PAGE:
Disappointing Tax Refund? It May Be Time to Update Your W-4

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The following is presented for informational purposes and is not intended as tax or legal advice.

Tax time can be exciting for some families. That's because many Americans expect to receive a nice refund around this time of year. That refund may even be a crucial part of their financial plan. 

But what if you don't get the refund you expected? Or worse, what if you actually owe money this time around?

A smaller refund doesn’t necessarily mean you paid more in taxes for the year. You could actually pay less income tax and wind up with a smaller refund depending on how much money is withheld from your paychecks throughout the year. However, it can still be disappointing if you were planning on a large refund.

If you’d like to change your refund for next year, you may want to update your Form W-4s with your employers.

What is the Form W-4?

Form W-4 is the tax form that you submit when you start a new job as an employee. You can update it at any time by giving your employer a new Form W-4.

Employers use your Form W-4 and income to help determine how much money to withhold from your paychecks and send to the IRS.

  • If you want a larger refund, you may want to claim fewer allowances or ask your employer to withhold more money from each paycheck.
  • If you want a smaller refund, you may want to claim more allowances and make sure you aren’t having additional money withheld.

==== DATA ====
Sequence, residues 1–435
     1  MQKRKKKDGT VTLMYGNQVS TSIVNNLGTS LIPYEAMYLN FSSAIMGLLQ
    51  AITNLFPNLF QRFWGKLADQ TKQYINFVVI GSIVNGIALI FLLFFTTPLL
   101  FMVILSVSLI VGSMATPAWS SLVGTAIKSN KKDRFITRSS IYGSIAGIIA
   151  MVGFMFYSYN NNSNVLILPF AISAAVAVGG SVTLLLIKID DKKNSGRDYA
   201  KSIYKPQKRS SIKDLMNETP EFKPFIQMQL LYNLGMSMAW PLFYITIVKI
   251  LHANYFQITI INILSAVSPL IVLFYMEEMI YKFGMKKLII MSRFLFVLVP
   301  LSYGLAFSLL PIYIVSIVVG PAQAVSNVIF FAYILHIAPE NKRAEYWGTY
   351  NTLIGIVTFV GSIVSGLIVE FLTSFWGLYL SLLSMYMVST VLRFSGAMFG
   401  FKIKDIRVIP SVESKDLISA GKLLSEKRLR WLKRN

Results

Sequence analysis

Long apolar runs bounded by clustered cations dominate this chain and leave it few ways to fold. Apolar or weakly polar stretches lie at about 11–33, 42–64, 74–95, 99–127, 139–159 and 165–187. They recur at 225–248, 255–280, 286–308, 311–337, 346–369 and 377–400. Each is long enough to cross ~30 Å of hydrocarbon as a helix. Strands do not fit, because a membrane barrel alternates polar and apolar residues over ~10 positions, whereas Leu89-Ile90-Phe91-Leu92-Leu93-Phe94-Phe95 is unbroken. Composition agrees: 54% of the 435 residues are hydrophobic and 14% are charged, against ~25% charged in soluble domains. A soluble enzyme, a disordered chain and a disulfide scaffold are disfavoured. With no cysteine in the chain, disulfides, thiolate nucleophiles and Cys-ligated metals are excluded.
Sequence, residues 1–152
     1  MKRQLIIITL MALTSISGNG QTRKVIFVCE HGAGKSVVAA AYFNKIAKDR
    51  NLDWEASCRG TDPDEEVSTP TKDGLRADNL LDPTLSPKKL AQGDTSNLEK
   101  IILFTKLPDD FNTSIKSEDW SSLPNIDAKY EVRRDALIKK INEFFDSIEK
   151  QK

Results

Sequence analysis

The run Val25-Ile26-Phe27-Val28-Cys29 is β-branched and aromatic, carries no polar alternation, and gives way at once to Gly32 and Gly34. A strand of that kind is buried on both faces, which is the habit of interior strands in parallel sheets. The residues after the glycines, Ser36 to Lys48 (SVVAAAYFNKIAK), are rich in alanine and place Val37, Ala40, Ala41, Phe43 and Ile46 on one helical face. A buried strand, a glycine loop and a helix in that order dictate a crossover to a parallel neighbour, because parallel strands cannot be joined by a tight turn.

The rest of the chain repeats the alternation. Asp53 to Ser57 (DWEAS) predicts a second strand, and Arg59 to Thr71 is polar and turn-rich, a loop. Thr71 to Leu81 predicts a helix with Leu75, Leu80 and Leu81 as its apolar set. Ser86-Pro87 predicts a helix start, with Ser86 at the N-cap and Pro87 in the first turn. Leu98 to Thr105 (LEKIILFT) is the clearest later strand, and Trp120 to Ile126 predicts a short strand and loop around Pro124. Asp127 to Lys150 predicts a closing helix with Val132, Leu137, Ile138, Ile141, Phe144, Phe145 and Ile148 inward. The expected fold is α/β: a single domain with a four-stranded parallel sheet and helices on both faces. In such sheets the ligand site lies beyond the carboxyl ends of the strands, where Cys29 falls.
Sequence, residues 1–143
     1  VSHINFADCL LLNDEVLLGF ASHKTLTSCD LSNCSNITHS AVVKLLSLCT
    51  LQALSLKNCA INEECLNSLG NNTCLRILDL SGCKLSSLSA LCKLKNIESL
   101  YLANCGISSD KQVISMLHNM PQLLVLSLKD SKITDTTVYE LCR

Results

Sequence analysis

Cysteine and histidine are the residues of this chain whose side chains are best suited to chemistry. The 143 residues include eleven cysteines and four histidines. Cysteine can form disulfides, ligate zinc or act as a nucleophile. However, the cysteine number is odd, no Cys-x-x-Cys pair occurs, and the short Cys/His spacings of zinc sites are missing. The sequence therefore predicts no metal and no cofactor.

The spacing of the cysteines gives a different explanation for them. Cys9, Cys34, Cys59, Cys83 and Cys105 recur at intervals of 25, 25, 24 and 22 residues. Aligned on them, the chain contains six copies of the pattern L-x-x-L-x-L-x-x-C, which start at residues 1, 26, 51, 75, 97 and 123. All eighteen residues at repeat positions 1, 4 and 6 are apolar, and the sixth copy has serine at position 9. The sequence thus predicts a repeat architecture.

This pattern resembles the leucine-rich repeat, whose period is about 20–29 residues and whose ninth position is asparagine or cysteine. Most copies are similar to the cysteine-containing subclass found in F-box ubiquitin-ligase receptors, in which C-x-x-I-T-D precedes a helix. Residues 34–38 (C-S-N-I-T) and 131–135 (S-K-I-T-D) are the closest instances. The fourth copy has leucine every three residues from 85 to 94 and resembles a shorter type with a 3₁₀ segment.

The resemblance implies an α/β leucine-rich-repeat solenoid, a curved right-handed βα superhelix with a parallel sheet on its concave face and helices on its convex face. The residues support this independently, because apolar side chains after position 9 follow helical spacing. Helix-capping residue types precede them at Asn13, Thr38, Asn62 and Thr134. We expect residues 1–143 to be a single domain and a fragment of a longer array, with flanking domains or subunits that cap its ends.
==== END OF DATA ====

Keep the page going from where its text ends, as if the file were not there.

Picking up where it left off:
The IRS has a withholding calculator you can use to check your withholdings. It doesn’t work for every situation, but it’s a great resource if you’re looking for help while updating or filling out a new Form W-4.

Reviewing and updating your Form W-4s

The part of the Form W-4 that you fill out only takes up a third of a page, and most of that is just your name, address, and Social Security number. However, filling out the Form W-4 can still be confusing, especially if you have more than one job or both you and your spouse work.

There are seven boxes that you’ll want to review when filling out a Form W-4. A few of these (boxes one, two, and four) are for your identifying and contact information and should be easy to understand and fill out.

Box Three

Box three asks if you’re single, married, or married and file your tax return with the married filing single status. Your filing status can impact your tax situation, so marking the correct box is important.

After boxes one through four, skip ahead to box seven, which asks if you’re exempt from withholdings.

Some employees don’t need to have any money taken out of their paychecks because they know they won’t owe any federal income tax by the end of the year. These employees can write “exempt” in box seven and then skip boxes five and six.

To qualify as exempt you need to meet two criteria:

  • You didn’t have any federal income tax liability last year, and all the federal income tax you paid was refunded when you filed your tax return.
  • You don’t expect to owe any federal income tax this year.